Selim III, faced stiff local opposition from an entrenched clergy and military apparatus from the Janissaries, the Ottoman infantry formed from the devshirme system. Selim III was deposed and killed in 1808. Muhammad Ali, recognized the need to modernize, unlike Selim, he had dispatched his chief rivals, giving him a free hand to attempt reforms similar to those first begun by Selim III. Muhammad Ali's goal was for Egypt to leave the Ottoman Empire and be ruled by his own hereditary dynasty. To do that, he had to reorganize Egyptian society, streamline the economy, train a professional bureaucracy, build a modern military, his first task was to secure a revenue stream for Egypt. To accomplish this, Muhammad Ali'nationalized' all the iltizam lands of Egypt, thereby owning all the production of the land, he accomplished the state annexation of property by raising taxes on the'tax-farmers' who had owned the land throughout Egypt. The new taxes were intentionally high and when the tax-farmers could not extract the demanded payments from the peasants who worked the land, Muhammad Ali confiscated their properties.
The other major source of revenue Muhammad Ali created was a new tax on waqf endowments, which were tax-free
Fuad I of Egypt
Fuad I was the Sultan and King of Egypt and Sudan, Sovereign of Nubia and Darfur. The ninth ruler of Egypt and Sudan from the Muhammad Ali dynasty, he became Sultan of Egypt and Sudan in 1917, succeeding his elder brother Sultan Hussein Kamel, he substituted the title of King for Sultan when the United Kingdom recognised Egyptian independence in 1922. His name is sometimes spelled Fouad. Fuad was born in Giza Palace in the seventh son of Isma'il the Magnificent, he spent his childhood with his exiled father in Naples. He got his education from the military academy in Italy, his mother was Farial Kadin. Prior to becoming sultan, Fuad had played a major role in the establishment of Cairo University, he became the university's first rector in 1908, remained in the post until his resignation in 1913. He was succeeded as rector by then-minister of Justice Hussein Rushdi Pasha. In 1913, Fuad made unsuccessful attempts to secure the throne of Albania for himself, which had obtained its independence from the Ottoman Empire a year earlier.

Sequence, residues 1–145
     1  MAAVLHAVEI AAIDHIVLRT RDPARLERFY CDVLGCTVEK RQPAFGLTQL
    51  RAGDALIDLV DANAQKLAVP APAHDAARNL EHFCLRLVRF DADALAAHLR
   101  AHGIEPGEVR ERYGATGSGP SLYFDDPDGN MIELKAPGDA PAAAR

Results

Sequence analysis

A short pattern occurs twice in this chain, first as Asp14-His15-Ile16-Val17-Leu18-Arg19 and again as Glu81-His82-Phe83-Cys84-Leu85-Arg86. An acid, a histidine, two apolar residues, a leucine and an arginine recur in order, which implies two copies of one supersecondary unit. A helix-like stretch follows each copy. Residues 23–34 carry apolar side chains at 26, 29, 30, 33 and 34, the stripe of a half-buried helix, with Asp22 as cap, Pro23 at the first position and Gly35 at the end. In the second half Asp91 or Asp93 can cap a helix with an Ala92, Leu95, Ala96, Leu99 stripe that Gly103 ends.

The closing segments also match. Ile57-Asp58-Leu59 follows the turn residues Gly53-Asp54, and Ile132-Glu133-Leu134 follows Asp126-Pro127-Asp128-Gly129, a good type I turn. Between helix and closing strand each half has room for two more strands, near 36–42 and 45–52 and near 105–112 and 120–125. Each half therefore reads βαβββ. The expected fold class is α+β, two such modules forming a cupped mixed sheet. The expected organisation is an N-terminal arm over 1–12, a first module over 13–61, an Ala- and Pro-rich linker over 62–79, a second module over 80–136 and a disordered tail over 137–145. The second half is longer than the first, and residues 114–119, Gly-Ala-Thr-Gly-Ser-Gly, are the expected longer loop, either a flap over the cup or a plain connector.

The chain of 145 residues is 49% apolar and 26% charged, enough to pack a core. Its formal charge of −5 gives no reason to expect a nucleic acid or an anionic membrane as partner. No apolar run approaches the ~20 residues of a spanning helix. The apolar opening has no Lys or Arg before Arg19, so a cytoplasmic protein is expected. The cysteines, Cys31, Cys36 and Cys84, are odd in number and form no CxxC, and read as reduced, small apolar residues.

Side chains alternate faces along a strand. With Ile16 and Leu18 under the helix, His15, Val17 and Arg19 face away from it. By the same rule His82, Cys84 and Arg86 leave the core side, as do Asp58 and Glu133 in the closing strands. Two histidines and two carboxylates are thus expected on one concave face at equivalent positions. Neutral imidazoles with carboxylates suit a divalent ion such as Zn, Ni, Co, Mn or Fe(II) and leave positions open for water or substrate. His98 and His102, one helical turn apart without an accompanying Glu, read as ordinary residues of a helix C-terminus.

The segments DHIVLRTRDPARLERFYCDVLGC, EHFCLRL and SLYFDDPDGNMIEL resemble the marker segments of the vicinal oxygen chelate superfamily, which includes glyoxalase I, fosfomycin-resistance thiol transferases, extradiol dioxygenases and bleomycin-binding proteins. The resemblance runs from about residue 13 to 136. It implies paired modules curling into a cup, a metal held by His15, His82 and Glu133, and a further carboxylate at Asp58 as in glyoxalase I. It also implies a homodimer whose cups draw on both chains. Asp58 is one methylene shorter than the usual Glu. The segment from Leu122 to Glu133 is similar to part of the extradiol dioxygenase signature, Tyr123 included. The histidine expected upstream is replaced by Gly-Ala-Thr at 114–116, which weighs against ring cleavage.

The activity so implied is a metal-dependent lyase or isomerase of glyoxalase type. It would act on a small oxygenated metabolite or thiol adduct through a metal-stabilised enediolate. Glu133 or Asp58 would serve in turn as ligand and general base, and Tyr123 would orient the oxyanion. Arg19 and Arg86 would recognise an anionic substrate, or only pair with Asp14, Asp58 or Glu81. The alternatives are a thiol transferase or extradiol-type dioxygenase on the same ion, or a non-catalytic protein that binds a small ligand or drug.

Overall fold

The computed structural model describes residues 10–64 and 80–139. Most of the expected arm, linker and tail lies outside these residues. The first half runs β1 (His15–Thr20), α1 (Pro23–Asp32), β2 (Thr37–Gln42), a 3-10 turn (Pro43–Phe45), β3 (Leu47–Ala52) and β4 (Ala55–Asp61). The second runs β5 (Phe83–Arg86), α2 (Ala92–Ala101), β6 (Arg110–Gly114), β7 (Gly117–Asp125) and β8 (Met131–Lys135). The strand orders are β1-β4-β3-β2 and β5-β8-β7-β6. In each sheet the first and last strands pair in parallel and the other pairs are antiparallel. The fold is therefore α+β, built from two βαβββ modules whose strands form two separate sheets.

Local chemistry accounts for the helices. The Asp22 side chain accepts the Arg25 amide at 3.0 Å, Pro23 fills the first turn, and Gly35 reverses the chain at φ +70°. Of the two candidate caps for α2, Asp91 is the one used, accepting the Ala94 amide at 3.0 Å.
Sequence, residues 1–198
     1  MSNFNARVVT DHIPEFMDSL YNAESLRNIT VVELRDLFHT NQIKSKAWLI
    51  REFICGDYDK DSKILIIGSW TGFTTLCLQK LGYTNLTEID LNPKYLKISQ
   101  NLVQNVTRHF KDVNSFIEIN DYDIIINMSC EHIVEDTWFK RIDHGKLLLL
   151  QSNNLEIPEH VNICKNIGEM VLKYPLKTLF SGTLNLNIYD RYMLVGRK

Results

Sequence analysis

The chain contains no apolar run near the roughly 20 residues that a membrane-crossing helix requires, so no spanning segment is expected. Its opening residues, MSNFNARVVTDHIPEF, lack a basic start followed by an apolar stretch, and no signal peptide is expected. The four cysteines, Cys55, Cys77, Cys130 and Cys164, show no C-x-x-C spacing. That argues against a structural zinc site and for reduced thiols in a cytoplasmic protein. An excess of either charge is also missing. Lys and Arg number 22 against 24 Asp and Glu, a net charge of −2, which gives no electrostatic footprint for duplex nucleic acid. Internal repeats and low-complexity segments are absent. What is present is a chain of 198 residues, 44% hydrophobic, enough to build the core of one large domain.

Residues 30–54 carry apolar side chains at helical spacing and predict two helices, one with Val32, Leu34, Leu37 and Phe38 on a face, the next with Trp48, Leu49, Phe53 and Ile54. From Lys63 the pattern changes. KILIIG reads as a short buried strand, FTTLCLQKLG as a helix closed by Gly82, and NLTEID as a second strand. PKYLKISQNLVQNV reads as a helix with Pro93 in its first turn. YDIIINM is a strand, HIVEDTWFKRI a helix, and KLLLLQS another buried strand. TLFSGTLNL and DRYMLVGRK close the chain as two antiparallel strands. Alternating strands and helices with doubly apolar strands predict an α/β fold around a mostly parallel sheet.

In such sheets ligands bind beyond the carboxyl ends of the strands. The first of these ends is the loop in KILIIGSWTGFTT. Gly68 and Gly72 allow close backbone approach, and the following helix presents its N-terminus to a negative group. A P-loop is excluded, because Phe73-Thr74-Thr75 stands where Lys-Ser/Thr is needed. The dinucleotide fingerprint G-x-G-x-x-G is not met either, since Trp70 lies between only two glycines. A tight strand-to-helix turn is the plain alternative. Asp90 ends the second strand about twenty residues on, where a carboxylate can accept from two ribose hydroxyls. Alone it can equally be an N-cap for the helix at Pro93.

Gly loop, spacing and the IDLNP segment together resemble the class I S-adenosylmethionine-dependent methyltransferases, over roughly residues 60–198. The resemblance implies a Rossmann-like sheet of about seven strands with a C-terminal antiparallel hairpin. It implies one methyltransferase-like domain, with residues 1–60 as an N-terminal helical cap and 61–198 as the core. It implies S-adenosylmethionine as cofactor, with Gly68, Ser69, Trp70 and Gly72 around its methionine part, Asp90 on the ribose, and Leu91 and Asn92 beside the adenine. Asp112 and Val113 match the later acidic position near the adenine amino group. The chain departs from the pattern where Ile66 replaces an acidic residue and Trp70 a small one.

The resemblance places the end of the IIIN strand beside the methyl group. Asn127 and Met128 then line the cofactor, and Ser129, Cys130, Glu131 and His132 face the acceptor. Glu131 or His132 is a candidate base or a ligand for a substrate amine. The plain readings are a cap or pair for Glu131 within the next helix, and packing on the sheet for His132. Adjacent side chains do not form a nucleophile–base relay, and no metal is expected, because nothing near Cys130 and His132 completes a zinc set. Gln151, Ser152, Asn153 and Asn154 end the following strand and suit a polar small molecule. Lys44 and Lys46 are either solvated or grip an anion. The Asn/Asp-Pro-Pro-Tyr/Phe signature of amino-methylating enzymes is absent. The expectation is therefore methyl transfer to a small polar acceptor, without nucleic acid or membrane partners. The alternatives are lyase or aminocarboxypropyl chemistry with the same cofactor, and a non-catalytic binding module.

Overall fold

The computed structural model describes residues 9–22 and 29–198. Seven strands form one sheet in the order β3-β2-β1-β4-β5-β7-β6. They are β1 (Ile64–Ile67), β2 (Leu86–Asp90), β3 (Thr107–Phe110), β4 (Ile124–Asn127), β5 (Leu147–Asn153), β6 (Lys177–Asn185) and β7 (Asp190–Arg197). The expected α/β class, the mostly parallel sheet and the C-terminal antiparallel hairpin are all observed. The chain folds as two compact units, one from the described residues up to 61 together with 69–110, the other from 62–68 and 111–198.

At the time and Sudan was ruled by his nephew, Abbas II, the likelihood of Fuad becoming the monarch in his own country seemed remote. This, the fact that the Muhammad Ali dynasty was of Albanian descent, encouraged Fuad to seek the Albanian throne. Fuad served as President of the Egyptian Geographic Society from 1915 until 1918. Fuad came under consideration as a candidate for the Albanian throne, but he was bypassed in favour of a Christian ruler, he ascended the throne of the Sultanate of Egypt upon the death of his brother Hussein Kamel in 1917. In the aftermath of the Egyptian Revolution of 1919, the United Kingdom ended its protectorate over Egypt, recognised it as a sovereign state on 28 February 1922. On 15 March 1922, Fuad issued a decree changing his title from Sultan of Egypt to King of Egypt. In 1930, he attempted to strengthen the power of the Crown by abrogating the 1923 Constitution and replacing it with a new constitution that limited the role of parliament to advisory status only.